In 1968 a young college drop-out named George A. Romero directed a low budget horror film that shocked the world and became an icon of the counterculture – “Night of the Living Dead.”
“Birth of the Living Dead,” a new documentary, shows how Romero gathered an unlikely team of Pittsburghers — policemen, iron workers, teachers, ad-men, housewives and a roller-rink owner — to shoot, with a revolutionary guerrilla, run-and-gun style, his seminal film. During that process Romero and his team created an entirely new and horribly chilling monster – one that was undead and feasted upon human flesh. The “zombie” became its own genre worth billions of dollars that continues to this day.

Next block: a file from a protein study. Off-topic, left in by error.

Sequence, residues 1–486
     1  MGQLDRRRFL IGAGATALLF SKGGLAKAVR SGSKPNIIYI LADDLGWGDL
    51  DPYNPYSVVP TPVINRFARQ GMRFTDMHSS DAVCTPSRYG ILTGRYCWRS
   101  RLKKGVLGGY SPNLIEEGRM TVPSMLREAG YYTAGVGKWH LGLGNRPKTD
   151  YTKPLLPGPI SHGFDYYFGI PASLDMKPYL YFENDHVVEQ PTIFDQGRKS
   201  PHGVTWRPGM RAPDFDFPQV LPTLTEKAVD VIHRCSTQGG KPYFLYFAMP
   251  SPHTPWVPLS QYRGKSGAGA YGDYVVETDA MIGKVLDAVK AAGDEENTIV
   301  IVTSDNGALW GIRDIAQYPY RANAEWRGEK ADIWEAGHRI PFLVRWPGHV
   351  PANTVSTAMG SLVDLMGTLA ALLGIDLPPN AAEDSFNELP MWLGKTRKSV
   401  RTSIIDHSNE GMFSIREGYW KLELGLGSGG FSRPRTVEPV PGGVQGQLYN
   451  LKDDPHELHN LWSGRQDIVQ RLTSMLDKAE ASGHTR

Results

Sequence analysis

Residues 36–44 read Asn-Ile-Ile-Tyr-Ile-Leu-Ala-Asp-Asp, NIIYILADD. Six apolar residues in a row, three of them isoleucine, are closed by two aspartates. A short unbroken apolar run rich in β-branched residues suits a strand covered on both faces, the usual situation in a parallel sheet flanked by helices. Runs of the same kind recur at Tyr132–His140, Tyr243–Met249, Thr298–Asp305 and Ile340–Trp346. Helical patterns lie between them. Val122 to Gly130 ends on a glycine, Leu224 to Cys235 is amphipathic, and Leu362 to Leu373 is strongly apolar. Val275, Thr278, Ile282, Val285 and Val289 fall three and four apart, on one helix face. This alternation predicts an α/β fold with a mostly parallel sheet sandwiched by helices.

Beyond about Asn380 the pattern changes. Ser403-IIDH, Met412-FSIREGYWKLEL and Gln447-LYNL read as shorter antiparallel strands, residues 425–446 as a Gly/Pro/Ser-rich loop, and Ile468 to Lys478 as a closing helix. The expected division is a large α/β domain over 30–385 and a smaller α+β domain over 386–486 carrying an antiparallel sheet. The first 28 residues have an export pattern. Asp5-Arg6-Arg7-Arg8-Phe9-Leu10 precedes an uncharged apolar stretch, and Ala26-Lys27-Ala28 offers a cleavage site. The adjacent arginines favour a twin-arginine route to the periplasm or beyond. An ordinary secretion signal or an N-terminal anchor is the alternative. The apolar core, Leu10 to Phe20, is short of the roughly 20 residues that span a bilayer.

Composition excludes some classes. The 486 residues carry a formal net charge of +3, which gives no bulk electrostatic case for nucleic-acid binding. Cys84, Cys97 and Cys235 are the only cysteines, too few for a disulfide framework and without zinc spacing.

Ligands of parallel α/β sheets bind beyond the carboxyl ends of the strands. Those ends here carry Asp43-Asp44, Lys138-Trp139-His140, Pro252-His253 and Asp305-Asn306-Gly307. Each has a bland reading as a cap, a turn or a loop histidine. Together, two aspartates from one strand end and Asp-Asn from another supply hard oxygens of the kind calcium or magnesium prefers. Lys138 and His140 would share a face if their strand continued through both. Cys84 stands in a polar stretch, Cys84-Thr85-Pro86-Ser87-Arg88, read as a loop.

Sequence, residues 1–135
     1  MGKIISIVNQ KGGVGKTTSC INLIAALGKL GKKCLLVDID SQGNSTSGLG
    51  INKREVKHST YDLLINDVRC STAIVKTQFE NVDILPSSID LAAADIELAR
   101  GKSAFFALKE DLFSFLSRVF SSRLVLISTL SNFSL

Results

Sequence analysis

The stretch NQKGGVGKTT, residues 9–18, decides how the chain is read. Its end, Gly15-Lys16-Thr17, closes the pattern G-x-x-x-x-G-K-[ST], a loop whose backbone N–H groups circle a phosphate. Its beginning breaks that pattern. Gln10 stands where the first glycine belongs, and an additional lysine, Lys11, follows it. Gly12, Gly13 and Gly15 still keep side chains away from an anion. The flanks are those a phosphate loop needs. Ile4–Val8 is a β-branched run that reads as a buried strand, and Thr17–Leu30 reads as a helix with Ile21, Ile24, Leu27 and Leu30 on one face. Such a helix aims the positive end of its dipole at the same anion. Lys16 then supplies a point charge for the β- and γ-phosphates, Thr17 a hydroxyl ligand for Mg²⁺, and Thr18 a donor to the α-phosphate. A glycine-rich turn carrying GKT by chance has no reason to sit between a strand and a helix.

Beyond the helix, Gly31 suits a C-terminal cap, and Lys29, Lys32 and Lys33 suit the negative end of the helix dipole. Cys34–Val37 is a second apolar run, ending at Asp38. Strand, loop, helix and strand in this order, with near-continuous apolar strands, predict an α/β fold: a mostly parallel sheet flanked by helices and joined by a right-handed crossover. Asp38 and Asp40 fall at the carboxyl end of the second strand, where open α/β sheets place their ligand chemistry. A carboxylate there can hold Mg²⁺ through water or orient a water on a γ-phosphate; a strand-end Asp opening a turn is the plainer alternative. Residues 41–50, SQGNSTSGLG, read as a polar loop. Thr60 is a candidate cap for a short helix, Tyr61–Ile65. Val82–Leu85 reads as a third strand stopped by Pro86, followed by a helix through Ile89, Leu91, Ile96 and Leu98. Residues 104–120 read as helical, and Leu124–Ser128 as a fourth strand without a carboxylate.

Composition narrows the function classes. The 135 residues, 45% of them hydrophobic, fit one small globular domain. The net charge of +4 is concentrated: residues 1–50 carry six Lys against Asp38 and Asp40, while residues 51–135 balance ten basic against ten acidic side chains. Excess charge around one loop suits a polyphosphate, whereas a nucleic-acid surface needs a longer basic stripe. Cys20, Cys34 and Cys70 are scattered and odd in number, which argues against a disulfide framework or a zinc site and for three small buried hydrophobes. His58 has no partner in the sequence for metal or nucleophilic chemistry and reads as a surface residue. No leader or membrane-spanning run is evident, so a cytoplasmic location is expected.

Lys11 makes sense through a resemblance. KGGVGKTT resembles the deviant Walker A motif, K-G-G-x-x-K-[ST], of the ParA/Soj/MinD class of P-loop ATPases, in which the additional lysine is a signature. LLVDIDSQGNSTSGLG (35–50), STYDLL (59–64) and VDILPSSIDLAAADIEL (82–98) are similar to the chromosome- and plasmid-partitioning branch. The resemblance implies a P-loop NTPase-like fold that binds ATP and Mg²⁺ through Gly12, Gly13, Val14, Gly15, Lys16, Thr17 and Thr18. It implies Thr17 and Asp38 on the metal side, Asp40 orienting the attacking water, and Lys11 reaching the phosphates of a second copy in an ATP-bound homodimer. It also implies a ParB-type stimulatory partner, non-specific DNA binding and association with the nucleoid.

This new documentary also immerses audiences into the singular time in which “Night” was shot. Archival footage of the horrors of Vietnam and racial violence at home combined with iconic music from the 60s invites viewers to experience how Romero’s tumultuous film reflected this period in American history. “Year of the Living Dead” shows us how this young filmmaker created a world-renowned horror film that was also a profound insight into how our society really works.
The movie starts playing November 6 and the IFC Center in NYC will be the only place to see it. But don't worry, all you zombiephiles! A DVD release is in the works!